By Mac Irvine, Waste and Bioenergy Lead, Clean Energy Finance Corporation

Australia’s recycling and resource recovery sector is undergoing major transformation, driven by global market pressures. A new Clean Energy Finance Corporation (CEFC) report has identified an upside to this upheaval: a potential investment pipeline worth billions of dollars.

Developed by the CEFC with global engineering and consultancy leader Arup, Energising resource recovery: the Australian opportunity analyses the role of the sector in Australia’s transition to a low emissions economy.

It found scope for significant growth, estimating the sector has the potential to reduce landfill emissions by as much as 60 per cent based on current forecasts and help abate more than 3 million tonnes of carbon dioxide equivalent of methane emissions from landfill every year.

In addition to these important environmental outcomes, a thriving waste recovery sector can deliver substantial economic benefits.

New and expanded infrastructure for these projects in Australia could generate between $4 billion and $7.8 billion in new investments in the period up to 2025, creating up to 9,000 construction jobs, 2,600 indirect jobs and as many as 1,400 direct and ongoing jobs across Australia.

The announcement by China in 2017 of its National Sword policy, which dramatically reduced the contamination thresholds for imported solid waste from 5 per cent to 0.5 per cent impurities, put global reliance on international waste commodity markets under the spotlight.

The disruption that followed galvanised an Australian push fora more circular and sustainable approach to waste management, with responsibility for waste materials and resource recovery moving to the domestic economy.

Since then, there has been significant government investment and policy development to support the sector. However, the looming possibility of a further China ban on the import of all solid waste points to an urgent need for this work to continue.

Emerging constraints on landfill capacity around Australia’s metropolitan centres and increasing landfill levies are clear commercial drivers for thermal energy recovery infrastructure.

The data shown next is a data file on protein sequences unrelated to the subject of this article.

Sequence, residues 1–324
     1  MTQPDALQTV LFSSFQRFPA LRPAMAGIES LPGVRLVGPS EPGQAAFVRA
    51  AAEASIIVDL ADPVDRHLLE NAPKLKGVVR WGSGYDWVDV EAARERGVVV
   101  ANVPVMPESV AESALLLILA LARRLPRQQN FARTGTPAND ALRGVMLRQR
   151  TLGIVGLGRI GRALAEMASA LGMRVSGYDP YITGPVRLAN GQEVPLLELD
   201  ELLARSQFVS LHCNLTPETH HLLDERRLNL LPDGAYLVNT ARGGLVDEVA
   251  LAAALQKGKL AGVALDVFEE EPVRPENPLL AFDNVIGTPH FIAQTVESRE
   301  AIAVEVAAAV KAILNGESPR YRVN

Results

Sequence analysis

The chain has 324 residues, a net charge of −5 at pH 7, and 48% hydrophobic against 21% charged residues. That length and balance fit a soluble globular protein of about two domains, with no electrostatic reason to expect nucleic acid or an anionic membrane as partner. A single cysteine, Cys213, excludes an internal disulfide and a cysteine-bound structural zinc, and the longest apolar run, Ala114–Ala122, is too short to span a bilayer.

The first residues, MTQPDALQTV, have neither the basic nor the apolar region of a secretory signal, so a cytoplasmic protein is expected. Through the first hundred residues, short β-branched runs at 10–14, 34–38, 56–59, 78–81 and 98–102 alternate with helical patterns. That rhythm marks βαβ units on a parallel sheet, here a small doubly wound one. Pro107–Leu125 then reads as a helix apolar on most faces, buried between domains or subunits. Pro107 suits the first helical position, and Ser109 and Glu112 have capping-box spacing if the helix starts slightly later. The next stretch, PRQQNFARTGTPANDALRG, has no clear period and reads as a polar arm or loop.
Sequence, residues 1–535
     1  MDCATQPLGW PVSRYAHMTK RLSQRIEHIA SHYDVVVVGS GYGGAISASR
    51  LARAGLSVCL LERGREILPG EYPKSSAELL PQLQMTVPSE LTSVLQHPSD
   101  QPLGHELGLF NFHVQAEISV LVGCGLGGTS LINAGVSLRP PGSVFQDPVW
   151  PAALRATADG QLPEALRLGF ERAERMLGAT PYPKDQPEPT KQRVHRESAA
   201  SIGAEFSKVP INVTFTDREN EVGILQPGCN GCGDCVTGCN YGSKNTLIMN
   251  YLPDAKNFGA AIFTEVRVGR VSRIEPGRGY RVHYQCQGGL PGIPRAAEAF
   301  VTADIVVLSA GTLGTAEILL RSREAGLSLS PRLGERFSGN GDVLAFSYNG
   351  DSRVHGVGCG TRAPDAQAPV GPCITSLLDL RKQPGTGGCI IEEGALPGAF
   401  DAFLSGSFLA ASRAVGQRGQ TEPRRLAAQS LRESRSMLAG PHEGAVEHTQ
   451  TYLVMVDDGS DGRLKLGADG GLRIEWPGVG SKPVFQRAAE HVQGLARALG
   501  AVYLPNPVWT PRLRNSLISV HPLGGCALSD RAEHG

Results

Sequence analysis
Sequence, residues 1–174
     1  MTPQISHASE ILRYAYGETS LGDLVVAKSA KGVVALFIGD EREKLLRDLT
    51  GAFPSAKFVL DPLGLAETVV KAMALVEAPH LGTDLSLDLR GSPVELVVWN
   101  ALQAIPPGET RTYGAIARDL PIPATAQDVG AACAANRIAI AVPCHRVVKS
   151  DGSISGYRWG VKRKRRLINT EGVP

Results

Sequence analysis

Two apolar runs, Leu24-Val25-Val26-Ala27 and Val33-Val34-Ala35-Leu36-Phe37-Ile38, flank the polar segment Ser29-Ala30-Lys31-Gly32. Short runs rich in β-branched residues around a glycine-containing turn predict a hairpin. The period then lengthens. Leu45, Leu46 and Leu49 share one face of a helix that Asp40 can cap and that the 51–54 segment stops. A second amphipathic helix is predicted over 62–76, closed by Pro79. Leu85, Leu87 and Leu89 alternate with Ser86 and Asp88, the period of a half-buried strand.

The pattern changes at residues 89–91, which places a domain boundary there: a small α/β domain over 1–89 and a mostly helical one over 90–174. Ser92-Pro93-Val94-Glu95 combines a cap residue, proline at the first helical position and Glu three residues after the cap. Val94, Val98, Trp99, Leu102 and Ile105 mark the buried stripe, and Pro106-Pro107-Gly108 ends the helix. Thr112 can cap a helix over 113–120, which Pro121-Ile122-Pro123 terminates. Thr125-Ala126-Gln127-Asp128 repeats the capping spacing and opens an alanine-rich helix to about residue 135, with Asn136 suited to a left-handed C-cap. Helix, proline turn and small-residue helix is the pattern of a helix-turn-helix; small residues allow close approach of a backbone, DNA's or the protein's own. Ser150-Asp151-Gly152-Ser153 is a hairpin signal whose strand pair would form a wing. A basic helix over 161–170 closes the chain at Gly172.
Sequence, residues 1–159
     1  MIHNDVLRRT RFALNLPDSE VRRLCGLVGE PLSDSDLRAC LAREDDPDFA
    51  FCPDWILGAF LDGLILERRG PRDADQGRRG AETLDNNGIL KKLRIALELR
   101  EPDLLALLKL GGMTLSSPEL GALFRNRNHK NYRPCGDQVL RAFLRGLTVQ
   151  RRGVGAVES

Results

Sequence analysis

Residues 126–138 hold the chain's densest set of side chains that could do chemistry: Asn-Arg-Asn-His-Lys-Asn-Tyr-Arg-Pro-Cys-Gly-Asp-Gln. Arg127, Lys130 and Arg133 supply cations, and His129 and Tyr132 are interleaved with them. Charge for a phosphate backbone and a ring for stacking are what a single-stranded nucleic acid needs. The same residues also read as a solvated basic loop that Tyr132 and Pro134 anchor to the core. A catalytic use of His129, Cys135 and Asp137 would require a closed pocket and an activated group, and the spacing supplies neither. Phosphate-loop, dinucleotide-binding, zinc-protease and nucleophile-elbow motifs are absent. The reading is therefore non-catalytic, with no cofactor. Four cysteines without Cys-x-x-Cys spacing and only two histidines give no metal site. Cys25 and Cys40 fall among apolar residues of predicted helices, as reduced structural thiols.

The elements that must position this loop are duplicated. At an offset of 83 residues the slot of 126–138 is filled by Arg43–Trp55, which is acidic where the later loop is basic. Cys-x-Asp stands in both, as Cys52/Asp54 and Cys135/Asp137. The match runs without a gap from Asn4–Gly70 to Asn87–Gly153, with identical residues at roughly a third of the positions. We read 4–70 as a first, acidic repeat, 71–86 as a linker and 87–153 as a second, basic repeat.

According to the report, there is a need for strong investment in recycling and resource recovery infrastructure to help meet Australia’s climate targets.

On behalf of the Australian Government, the CEFC has committed more than $400 million to the bioenergy, recycling and energy from waste sectors, with a total investment value of $1.7 billion.

The CEFC also operates the Australian Recycling Investment Fund, with access to $100 million in CEFC finance to invest in commercial, large-scale projects which use clean energy technologies to support the recycling and resource recovery sector and the broader circular economy.

According to the new CEFC analysis, the areas with the strongest investment potential are in large-scale thermal energy from waste facilities, which have the potential to reduce significant volumes of waste going to landfill while generating energy.

Other significant opportunities are in processing organics from municipal solid waste generated by households and refuse-derived fuel facilities.

Thermal energy from waste is also a rapidly maturing infrastructure and technology option in Australia for the treatment of residual waste
to create clean energy as well as reduce emissions by diverting waste from landfill.

One of the most exciting aspects of the sector is its diversity and adaptability to meet Australian markets, needs and contexts. The bioenergy and waste sectors include a broad range of feedstocks, technologies and end uses.

For example, recycling is benefitting from the renewed focus on domestic opportunities and recovering more value for Australia. There is also an increased focus on source-separation of organic waste which creates the opportunity for expanded infrastructure, including anaerobic digestion and composting, supporting emissions reduction by diverting organic waste from landfills.

Bioenergy technologies like anaerobic digestion are also a very flexible energy source capable of producing clean energy. These technologies can support the decarbonisation of harder to abate sectors such as industry and manufacturing.

While the complexity of the sector may pose some challenges for potential investors and project proponents, international experience should give investors confidence that we can capture these opportunities in both metropolitan and regional Australia.

Factors critical to project success include appropriate feedstock supplies, careful site selection, a clear commitment to community engagement and importantly, the social licence to operate in the community.

Ensuring investment in mature and proven technologies, complemented by a commercial approach to infrastructure delivery and operation to underpin long-term performance, are vital to establishing an industry that can contribute so positively to Australia’s emissions reduction.

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